“Abolition of death penalty needs to be thoroughly debated”

IT IS really shocking that the abolition of the mandatory death penalty is being replaced by harsher and even more inhuman laws. Replacing the death penalty with a jail sentence of 30 or 40 years imprisonment plus the possibility of whipping is against the spirit of the abolition of the death penalty in the country.

There is no doubt that the death penalty is a deterrent to serious criminal offences.

However, when the death penalty is going to be abolished, it gives the government a good reason to rethink effective but more merciful alternatives. The government wants to abolish the death penalty as it is now the international norm and also because it has been increasingly found to be ineffective, even though it is the most severe deterrent. 

The legislation concerning the abolition of the death penalty is now in parliament and being debated, where it is expected to be passed next week and sent to the senate. Too little time has been allocated for debate and discussion of an important piece of legislation like the abolition of capital punishment.

It is hoped that the MPs will consider amendments and opt for a 15 to 20-year sentence and also cancel the minimum 12 strokes of the cane. Whipping is a barbaric and primitive punishment and should be abolished together with the death penalty.

It will be better to have the jail sentence reduced to 15–20 years and give the person a chance to reintegrate with society. The long imprisonment will physically weaken them, make them realise and repent for their crime, and make them cherish their freedom for the remaining years of their lives.

All the MPs need to give the proposals more serious thought, as it is historic legislation that will be in effect for decades to come. There has been little or no debate about alternative forms of punishment other than those proposed by the government. 

Why wasn’t the Islamic concept of Diya brought up as an alternative to the equally cruel punishment of 30 or 40 years plus whipping, which was proposed to replace the abolition of the death penalty?

PAS politicians and leaders often crow their heads off in wanting to infuse elements of Islamic jurisprudence into the Malaysian legal system. This was a good opportunity for them to do so by presenting a positive replacement for the death sentence.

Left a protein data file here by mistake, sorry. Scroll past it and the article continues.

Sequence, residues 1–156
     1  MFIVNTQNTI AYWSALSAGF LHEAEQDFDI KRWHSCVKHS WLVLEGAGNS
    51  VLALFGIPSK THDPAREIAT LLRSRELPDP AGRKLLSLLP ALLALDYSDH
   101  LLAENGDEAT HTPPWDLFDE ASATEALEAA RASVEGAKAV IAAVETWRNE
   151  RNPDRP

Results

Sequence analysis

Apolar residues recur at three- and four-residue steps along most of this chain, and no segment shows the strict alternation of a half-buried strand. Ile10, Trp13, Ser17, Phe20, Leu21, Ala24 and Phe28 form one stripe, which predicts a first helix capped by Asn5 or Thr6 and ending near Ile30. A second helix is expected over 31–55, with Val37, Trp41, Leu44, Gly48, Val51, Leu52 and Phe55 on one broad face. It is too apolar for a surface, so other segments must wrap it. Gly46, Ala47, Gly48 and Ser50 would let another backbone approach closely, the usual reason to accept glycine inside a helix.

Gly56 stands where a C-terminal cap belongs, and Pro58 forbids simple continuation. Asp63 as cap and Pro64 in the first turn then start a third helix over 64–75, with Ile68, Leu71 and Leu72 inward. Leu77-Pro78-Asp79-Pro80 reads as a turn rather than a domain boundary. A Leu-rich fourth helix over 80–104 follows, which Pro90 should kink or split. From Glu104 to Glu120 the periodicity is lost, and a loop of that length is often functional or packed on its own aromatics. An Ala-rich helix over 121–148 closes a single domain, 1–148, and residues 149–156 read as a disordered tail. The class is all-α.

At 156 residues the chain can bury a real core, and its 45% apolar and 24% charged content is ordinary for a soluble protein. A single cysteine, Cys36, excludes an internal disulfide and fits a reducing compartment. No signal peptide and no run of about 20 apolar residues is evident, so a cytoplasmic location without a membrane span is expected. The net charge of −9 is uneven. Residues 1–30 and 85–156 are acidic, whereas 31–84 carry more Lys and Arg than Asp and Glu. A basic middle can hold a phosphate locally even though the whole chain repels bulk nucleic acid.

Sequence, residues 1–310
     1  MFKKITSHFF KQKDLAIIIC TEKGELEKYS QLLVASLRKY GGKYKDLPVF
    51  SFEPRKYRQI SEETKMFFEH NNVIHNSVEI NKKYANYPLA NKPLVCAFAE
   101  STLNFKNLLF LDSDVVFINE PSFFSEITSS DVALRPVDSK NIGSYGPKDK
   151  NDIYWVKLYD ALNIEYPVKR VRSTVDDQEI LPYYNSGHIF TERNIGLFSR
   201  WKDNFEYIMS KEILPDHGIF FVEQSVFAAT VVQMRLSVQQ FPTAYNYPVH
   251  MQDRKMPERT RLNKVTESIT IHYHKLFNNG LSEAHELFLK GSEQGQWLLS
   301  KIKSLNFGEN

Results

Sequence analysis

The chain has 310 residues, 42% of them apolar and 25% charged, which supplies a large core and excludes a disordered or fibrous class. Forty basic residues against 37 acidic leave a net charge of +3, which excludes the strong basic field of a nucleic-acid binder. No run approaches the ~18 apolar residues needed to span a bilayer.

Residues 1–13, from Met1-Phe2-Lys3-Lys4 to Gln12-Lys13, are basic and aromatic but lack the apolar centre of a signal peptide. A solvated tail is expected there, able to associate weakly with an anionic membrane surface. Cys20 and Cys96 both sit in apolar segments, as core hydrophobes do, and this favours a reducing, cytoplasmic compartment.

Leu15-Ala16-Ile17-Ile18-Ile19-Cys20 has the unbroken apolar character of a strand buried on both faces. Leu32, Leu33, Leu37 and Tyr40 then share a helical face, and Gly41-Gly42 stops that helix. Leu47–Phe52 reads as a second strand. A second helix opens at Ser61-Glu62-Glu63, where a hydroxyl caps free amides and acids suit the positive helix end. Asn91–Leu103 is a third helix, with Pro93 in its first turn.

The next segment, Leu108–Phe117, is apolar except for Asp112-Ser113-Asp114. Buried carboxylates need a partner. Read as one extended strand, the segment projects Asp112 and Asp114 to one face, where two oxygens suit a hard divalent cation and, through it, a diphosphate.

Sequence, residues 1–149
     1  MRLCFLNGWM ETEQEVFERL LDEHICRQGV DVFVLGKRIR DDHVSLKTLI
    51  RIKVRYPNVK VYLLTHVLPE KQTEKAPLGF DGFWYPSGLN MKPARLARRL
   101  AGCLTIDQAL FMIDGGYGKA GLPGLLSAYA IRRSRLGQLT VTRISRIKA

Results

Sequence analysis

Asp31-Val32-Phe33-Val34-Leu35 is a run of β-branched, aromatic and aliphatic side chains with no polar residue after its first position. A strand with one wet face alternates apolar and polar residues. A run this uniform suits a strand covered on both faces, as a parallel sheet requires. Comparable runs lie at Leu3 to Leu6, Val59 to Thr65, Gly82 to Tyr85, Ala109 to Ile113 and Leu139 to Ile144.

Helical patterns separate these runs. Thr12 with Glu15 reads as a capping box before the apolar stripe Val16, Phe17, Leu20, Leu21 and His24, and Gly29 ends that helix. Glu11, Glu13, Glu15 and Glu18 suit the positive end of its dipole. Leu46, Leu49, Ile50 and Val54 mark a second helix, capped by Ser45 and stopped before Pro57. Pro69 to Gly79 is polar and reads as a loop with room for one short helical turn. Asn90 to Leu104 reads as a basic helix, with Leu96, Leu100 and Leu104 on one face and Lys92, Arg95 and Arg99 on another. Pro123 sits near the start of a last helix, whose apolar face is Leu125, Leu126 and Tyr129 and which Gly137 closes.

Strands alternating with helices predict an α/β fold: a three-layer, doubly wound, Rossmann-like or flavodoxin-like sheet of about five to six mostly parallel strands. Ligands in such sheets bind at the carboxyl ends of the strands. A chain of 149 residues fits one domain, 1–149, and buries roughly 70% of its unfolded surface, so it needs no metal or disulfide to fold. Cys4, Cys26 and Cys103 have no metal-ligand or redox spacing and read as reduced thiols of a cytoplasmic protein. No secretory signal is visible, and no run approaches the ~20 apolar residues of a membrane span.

Diya refers to a system of monetary compensation to the victim’s family when death has occurred either intentionally or accidentally. It is a fair system in that the victim’s family will be financially compensated and their livelihood will somehow be reinstated. This is much better than the English law, which Malaysia practises, where the victim’s family gets nothing despite the offender going to jail or receiving the death sentence.

Malaysia does not have any system of compensation for criminal injuries or deaths.

PAS and the other Muslim MPs need to debate this alternative in the proposed new legislation

Not providing better insights or ideas to this new legislation will mean that they will forego a good chance to add a more equitable form of justice to criminal punishment. 

I refer to a case that happened in 2020 in Perak where an old Indian security guard was assaulted by a man for not allowing his small child to use the swimming pool in the condominium.

The security guard died in the hospital a few months later while undergoing treatment, and the offender could be charged with a more serious crime that could end up with the death penalty.

Later, the deceased security guard’s wife visited the family of the offender. She had a conversation with the man’s wife and found her to be remorseful and in a deprived situation, as the breadwinner has been remanded in custody. 

Realising the situation, she was ready to forgive. 

However, despite pitying the family, she was not able to do anything as the law as it is at present has to take its course. It is in a situation like this that the DIY system can be positively used.

It is no use sentencing a person to death when there is a better alternative, like monetary compensation, especially for an accidental death.

The Diya system of monetary compensation must be included alongside the new legislation abolishing the death penalty. It can be used by both Muslims and non-Muslims. 

Abolition of the death penalty must be replaced with a more merciful and meaningful system in line with international best practises.

Malaysian MPs have a historic opportunity not only to abolish the death penalty but also to replace it with better humanitarian alternatives that will be lauded and appreciated by the international community.

Malaysia can also look into implementing the pardoning system practised in some countries, where a large number of prisoners are either fully pardoned or have their prison terms reduced by the head of state or the government on important occasions relevant to the country.

A few dozen prisoners jailed for lesser offences can be freed or have their prison terms reduced on important occasions annually like Merdeka Day or the King’s or Prime Minister’s birthday and help reduce the swelling number of inmates in the local prisons. 

The Royal Pardons Boards are very much hampered by bureaucracy and other shortcomings, and few if any prisoners are released. — March 30, 2023

V. Thomas is a Focus Malaysia viewer.

The views expressed are solely of the author and do not necessarily reflect those of Focus Malaysia.

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